“On Bookstagram, you are valued for your personality, not for your physique”: when social networks are good for teenage girls

Charlotte says she has “Always been a round little girl, complexed by her physique”. In 2021, she created an anonymous account on Instagram, solely devoted to literature. “I wanted to share a lot of things, especially my passion for books. But even with my friends, I didn’t feel legitimate. I told myself that this would be an opportunity to chat with strangers, without taking the risk that they would judge me on my opinions or my tastes. »

Like her, on the social network, hundreds of thousands of users (mostly women) share photos and videos of their readings on a daily basis in order to discuss them with other enthusiasts. “Bookstagram is the safe space (space where you feel safe) who helped me gain self-confidence and self-acceptance”says the 16-year-old girl.

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Increased popularity during confinement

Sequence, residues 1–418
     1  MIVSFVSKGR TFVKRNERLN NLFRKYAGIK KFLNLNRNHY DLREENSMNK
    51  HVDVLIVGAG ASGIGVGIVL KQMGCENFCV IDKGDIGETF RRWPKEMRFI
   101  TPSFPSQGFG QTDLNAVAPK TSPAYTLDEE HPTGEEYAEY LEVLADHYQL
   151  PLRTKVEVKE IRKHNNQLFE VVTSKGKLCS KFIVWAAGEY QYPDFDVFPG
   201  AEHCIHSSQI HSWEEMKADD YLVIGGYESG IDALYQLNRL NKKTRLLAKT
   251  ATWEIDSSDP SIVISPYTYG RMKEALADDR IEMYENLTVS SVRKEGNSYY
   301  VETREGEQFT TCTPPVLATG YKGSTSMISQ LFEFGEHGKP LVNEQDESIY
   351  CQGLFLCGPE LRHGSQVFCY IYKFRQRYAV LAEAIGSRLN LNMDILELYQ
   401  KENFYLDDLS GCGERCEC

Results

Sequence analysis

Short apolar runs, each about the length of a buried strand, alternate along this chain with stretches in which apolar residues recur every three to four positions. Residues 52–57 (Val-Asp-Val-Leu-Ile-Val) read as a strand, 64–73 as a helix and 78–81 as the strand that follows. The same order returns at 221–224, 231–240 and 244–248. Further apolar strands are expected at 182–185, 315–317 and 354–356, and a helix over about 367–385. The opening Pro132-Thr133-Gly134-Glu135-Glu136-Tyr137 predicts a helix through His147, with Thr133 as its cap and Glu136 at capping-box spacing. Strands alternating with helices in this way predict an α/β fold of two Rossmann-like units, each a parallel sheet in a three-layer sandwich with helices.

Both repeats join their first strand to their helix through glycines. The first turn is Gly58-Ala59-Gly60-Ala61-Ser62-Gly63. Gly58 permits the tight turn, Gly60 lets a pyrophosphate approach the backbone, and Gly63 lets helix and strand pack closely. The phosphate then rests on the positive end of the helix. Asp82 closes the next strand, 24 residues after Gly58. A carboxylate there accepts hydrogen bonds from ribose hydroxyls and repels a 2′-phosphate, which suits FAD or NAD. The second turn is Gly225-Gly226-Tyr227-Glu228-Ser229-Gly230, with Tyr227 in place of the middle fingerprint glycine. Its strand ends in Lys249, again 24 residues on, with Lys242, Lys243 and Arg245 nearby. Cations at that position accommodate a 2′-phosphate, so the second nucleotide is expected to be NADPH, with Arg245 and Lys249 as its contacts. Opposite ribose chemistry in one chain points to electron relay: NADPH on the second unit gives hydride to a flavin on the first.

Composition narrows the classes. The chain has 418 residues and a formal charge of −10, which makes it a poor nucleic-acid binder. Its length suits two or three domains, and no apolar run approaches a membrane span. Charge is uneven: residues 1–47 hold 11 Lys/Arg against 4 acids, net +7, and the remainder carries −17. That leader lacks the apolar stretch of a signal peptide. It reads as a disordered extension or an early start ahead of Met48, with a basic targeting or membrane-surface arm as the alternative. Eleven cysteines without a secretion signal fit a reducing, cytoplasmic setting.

While the mental health of adolescents in France is worrying, especially among girls, and specialists attribute this malaise to the emergence of social networks, online literary communities like Bookstagram seem to be an exception. If it’s been almost ten years since this concept was created independently on social networks by a handful of enthusiasts, it was during the first confinement that it really gained in popularity. Thus, the #bookstagram hashtag, one of the most used by members, currently accounts for more than 91 million posts on Instagram; on YouTube, where the online book club concept was developed in the late 2000s, some content creators now have more than 70,000 subscribers; finally, on TikTok, where the phenomenon bears the name of BookTok, the hashtag has nearly 147 billion views.

Whether on Bookstagram or one of its variations, all of the young followers we interviewed describe a benevolent and supportive atmosphere, driven by intellectual exchanges and creativity. An image contrary to that which one can have of these platforms, regularly decried for their toxicity.

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“This has been my postulate for fifteen years: certain risks exist on social networks, but there are also great things that happen there”, says Angelique Gozlan. According to this clinical psychologist, who has devoted most of her career to analyzing the impact of social networks on the mental health of adolescents, these literary communities have a “undeniable positive effect” on young girls, for whom the experience of social networks can be more difficult to live than for boys.

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